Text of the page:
Skip to main content

The Journey to Comprehensibility: Court Forms as the First Barrier to Accessing Justice

Abstract

The article explores the comprehensibility of court forms by providing a quantitative overview and a qualitative analysis of such syntactic characteristics as length and structure of sentences and noun phrases. The analysis is viewed in the broader context of genre characteristics of court forms, their role within legal proceedings, and their function for eliciting narratives from court users. The findings show that while the elicitation strategies are not always coherently aligned with the guidance sections, the guidance itself condenses legal and procedural information into overly complex and verbose syntactic constructions. Comprehensibility barriers are thus created through breaks in information flow, ambiguous syntactic constructions, missing information and misalignment between questions and guidance. Such comprehension challenges have a negative impact on the potential of court users to effectively engage with legal proceedings.

Introduction: The Role of Court Forms in Legal Proceedings

In civil and family law, the first encounter of the court user with legal proceedings is often through a court form: either as the person completing a form to start the proceedings (i.e. claimant or applicant) or as the person responding to a court form (i.e. respondent). Court forms provide an opportunity for parties to present the preliminary information and set the ground for developing their case narrative; crucially, the micro narratives elicited in this way determine the administration and management of subsequent court hearings (e.g. whether the hearing would be conducted via a video link or in court). The process of completing a court form is therefore a key step in presenting the case to the judiciary, yet many lay court users experience multiple communication barriers due to the unawareness of court processes and procedures, insufficient knowledge of legal principles, or inexperience with legalese [50].

For the layperson, the effective engagement with court forms is conditioned by several successive cognitive and communication-related stages: (1) comprehension of the form and supporting documents (court form questions, guidance accompanying the form, text in the intertextual links); (2) successful semantic mapping (identifying semantic features of the relevant legal concepts, reducing semantic distance between the legal meaning and lay understanding of the concepts, framing the case arguments within the pertinent semantic field of applicable legal concepts); (3) communication of the case narrative through close-ended and open questions in the court form (framing the narrative within legally coherent boundaries in a genre-specific manner, including numbered paragraphs, statement of truth and other genre-specific requirements).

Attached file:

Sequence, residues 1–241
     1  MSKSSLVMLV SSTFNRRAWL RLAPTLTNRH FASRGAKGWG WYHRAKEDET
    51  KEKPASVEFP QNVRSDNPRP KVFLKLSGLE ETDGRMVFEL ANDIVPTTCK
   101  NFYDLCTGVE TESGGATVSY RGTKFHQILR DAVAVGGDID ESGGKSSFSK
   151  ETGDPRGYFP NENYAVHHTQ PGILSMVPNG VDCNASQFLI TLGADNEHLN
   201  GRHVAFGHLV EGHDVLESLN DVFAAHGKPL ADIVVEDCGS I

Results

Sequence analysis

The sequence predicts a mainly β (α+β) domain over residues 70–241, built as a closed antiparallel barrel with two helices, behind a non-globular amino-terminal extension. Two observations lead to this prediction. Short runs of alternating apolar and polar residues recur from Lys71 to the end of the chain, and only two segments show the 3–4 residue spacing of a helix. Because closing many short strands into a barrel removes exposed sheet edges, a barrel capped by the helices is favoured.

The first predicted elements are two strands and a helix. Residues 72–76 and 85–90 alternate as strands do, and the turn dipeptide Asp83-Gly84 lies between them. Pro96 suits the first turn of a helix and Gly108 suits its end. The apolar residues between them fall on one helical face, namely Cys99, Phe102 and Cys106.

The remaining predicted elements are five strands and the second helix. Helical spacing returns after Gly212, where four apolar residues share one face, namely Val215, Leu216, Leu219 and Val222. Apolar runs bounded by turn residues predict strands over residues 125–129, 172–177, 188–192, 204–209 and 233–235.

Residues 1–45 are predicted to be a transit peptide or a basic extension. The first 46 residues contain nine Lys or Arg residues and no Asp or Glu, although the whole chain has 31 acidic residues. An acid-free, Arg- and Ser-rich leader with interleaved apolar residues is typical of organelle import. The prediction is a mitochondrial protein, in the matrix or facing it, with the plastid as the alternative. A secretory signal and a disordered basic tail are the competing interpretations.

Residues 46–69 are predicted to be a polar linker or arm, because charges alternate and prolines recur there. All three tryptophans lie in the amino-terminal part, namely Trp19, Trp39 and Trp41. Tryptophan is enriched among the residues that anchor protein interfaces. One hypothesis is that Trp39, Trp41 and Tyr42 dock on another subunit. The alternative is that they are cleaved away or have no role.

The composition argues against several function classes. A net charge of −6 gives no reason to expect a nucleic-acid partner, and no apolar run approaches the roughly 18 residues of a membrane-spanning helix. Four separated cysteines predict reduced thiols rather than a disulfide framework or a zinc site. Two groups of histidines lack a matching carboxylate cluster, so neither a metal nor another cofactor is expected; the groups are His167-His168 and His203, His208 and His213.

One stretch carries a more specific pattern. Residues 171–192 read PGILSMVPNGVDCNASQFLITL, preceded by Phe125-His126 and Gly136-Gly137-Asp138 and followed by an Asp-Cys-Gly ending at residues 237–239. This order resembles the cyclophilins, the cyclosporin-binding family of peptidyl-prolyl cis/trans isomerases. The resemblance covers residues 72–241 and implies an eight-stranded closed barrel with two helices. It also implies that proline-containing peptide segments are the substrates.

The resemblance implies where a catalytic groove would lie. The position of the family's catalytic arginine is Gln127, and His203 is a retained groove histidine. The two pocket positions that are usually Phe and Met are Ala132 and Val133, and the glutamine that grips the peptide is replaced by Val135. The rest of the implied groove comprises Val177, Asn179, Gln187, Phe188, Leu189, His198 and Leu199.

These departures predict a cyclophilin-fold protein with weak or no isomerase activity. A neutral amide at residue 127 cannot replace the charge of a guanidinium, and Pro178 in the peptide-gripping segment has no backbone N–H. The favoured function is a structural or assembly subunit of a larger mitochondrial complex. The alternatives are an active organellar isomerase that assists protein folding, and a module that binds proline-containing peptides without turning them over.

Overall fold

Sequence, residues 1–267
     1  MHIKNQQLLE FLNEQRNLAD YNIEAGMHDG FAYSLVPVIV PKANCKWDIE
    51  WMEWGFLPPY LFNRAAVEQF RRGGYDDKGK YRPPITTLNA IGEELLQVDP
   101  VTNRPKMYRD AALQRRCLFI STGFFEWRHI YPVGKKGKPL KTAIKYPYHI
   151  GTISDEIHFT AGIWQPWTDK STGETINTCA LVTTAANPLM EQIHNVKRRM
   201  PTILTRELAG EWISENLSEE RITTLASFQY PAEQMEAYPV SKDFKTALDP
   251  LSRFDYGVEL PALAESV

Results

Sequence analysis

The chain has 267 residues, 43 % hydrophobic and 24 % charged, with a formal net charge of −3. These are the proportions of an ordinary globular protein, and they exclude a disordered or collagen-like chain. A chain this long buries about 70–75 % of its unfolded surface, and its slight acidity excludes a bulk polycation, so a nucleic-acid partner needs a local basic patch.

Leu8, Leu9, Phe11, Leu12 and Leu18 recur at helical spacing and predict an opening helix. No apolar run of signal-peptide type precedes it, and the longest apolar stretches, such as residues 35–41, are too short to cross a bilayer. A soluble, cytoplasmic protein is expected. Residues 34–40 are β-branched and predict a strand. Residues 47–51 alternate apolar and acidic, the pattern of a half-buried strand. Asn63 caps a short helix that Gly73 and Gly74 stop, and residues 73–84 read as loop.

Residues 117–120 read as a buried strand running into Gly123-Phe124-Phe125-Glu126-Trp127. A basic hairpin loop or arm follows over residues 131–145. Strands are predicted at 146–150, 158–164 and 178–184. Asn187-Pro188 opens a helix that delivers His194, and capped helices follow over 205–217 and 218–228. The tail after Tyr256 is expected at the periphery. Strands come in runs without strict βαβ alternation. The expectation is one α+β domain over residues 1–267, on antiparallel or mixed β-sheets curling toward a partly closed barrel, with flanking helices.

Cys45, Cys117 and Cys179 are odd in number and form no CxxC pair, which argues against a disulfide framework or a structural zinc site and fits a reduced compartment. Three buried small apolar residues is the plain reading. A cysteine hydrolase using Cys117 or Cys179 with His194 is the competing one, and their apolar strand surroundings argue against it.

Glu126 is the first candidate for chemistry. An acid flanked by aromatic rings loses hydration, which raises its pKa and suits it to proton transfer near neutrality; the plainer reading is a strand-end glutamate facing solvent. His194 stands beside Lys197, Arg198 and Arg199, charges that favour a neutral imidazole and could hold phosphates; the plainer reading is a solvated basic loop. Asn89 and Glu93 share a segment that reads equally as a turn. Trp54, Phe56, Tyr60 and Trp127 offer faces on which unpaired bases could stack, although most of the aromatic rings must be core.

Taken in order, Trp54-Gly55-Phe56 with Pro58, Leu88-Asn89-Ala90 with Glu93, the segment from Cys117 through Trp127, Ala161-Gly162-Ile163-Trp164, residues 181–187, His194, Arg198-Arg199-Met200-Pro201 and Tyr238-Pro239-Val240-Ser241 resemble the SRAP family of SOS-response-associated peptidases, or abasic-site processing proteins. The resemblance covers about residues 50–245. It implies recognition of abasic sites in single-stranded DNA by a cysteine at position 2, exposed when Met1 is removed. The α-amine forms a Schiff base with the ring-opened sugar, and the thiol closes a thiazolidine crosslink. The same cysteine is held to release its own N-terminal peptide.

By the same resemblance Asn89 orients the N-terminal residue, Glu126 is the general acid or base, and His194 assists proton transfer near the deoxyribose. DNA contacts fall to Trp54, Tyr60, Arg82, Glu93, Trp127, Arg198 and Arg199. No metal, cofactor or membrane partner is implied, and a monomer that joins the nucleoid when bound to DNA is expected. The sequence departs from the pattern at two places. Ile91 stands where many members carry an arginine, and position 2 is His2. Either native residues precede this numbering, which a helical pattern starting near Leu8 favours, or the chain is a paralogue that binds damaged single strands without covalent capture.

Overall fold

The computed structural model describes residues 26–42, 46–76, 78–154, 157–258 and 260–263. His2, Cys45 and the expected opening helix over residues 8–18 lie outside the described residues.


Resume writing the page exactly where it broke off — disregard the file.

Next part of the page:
The article focuses predominantly on challenges related to the first stage because comprehension is a pre-requisite for the successive stages of completing a court form. The study provides a corpus-based overview of the lexico-grammatical complexity, which impacts the comprehension of civil and family law forms used in England and Wales. By exploring two sub-corpora, one with 35 most frequently downloaded court forms used in civil and family proceedings and the other one with 50 court forms used in child-related private and public family proceedings, the study illustrates the scale of linguistic barriers lay court users most frequently encounter either when pursuing most common claims and grievances or when trying to make child arrangements.

The study was motivated by several changes which have impacted the way courts have been administering and managing cases in England and Wales in the last two decades. The first change was introduced by the drastic cuts in legal aid as a result of the Legal Aid, Sentencing and Punishment of Offenders Act 2012. Reducing the availability of legal aid shifted the responsibility for accessing justice from the state to the individual, without the provision of a support structure for those who cannot afford a legal representative [28]; this caused the gradual increase in numbers of litigants in person (or self-represented litigants—people who represent themselves in court proceedings). For instance, in private family proceedings, the number of hearings where at least one party is unrepresented has increased from 55% in 2012 to 80% in 2020.Footnote 1 As a result, the judiciary are often presiding over the hearings where at least one of the parties is not represented. Accordingly, the number of court users who are completing forms without the support of a lawyer has also increased dramatically. And although there are charities (e.g. Support through Court) which offer support with filling in court forms and completing paperwork for court, many self-represented litigants are either not aware of the services [26] or struggle to reach them due to their availability or location [28]. The high number of unrepresented litigants provides a sufficient rationale for enhancing the comprehensibility of court forms. Represented clients would also benefit from the changes because even if they do not complete the form themselves, they often need to check the form is correct and represents their narrative accurately before signing the statement of truth.